by Judith Curry
Pursuant to the issues raised on the previous food (in)security thread, I spotted this article published by Lester Brown in Foreign Affairs. The subtitle of the article is “From the middle east to Madagascar, high prices are spawning land grabs and ousting dictators. Welcome to the 21st century food wars.”
The entire article is well worth reading, some excerpts are provided below:
In arid Saudi Arabia, irrigation had surprisingly enabled the country to be self-sufficient in wheat for more than 20 years; now, wheat production is collapsing because the non-replenishable aquifer the country uses for irrigation is largely depleted. The Saudis soon will be importing all their grain.
Saudi Arabia is only one of some 18 countries with water-based food bubbles. All together, more than half the world’s people live in countries where water tables are falling. The politically troubled Arab Middle East is the first geographic region where grain production has peaked and begun to decline because of water shortages, even as populations continue to grow. Grain production is already going down in Syria and Iraq and may soon decline in Yemen. But the largest food bubbles are in India and China. In India, where farmers have drilled some 20 million irrigation wells, water tables are falling and the wells are starting to go dry. The World Bank reports that 175 million Indians are being fed with grain produced by overpumping. In China, overpumping is concentrated in the North China Plain, which produces half of China’s wheat and a third of its corn. An estimated 130 million Chinese are currently fed by overpumping. How will these countries make up for the inevitable shortfalls when the aquifers are depleted?
Even as we are running our wells dry, we are also mismanaging our soils, creating new deserts. Soil erosion as a result of overplowing and land mismanagement is undermining the productivity of one-third of the world’s cropland. How severe is it? Look at satellite images showing two huge new dust bowls: one stretching across northern and western China and western Mongolia; the other across central Africa. Wang Tao, a leading Chinese desert scholar, reports that each year some 1,400 square miles of land in northern China turn to desert. In Mongolia and Lesotho, grain harvests have shrunk by half or more over the last few decades. North Korea and Haiti are also suffering from heavy soil losses; both countries face famine if they lose international food aid. Civilization can survive the loss of its oil reserves, but it cannot survive the loss of its soil reserves.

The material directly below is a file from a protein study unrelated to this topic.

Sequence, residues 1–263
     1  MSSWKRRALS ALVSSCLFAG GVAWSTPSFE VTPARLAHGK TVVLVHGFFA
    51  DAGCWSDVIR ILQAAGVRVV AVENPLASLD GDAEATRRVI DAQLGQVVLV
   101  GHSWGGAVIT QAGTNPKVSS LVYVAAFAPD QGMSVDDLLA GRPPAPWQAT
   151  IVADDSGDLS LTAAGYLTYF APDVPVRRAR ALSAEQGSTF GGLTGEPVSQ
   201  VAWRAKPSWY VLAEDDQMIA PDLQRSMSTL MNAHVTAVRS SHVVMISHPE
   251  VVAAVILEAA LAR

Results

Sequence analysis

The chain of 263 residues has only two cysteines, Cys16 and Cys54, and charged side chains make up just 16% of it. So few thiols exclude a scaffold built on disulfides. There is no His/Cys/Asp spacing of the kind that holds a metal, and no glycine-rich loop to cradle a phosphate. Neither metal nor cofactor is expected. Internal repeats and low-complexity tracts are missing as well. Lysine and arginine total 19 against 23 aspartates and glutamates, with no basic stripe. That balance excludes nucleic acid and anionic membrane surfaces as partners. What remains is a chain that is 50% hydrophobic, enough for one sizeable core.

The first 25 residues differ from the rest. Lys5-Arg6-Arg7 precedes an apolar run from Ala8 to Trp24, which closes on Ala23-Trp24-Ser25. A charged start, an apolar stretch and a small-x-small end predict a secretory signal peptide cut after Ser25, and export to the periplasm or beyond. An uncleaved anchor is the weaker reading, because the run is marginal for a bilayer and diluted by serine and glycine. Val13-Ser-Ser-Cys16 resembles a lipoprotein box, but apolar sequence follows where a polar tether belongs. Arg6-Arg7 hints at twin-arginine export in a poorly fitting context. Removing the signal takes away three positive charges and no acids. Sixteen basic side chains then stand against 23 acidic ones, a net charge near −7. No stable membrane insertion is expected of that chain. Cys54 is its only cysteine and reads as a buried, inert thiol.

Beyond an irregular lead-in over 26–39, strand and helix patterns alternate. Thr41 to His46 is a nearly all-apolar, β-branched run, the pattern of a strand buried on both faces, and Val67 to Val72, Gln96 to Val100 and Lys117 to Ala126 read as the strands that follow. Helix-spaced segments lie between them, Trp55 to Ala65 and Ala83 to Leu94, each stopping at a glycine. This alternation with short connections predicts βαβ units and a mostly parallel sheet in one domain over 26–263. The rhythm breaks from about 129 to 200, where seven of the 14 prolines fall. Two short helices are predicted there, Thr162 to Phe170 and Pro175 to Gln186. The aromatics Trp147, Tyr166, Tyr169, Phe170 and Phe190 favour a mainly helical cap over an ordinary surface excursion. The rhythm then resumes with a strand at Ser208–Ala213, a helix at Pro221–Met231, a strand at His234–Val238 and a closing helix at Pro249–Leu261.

Fearing they might not be able to buy needed grain from the market, some of the more affluent countries, led by Saudi Arabia, South Korea, and China, took the unusual step in 2008 of buying or leasing land in other countries on which to grow grain for themselves. Most of these land acquisitions are in Africa, where some governments lease cropland for less than $1 per acre per year. Among the principal destinations were Ethiopia and Sudan, countries where millions of people are being sustained with food from the U.N. World Food Program. That the governments of these two countries are willing to sell land to foreign interests when their own people are hungry is a sad commentary on their leadership.
By the end of 2009, hundreds of land acquisition deals had been negotiated, some of them exceeding a million acres. A 2010 World Bank analysis of these “land grabs” reported that a total of nearly 140 million acres were involved — an area that exceeds the cropland devoted to corn and wheat combined in the United States. Such acquisitions also typically involve water rights, meaning that land grabs potentially affect all downstream countries as well. Any water extracted from the upper Nile River basin to irrigate crops in Ethiopia or Sudan, for instance, will now not reach Egypt, upending the delicate water politics of the Nile by adding new countries with which Egypt must negotiate.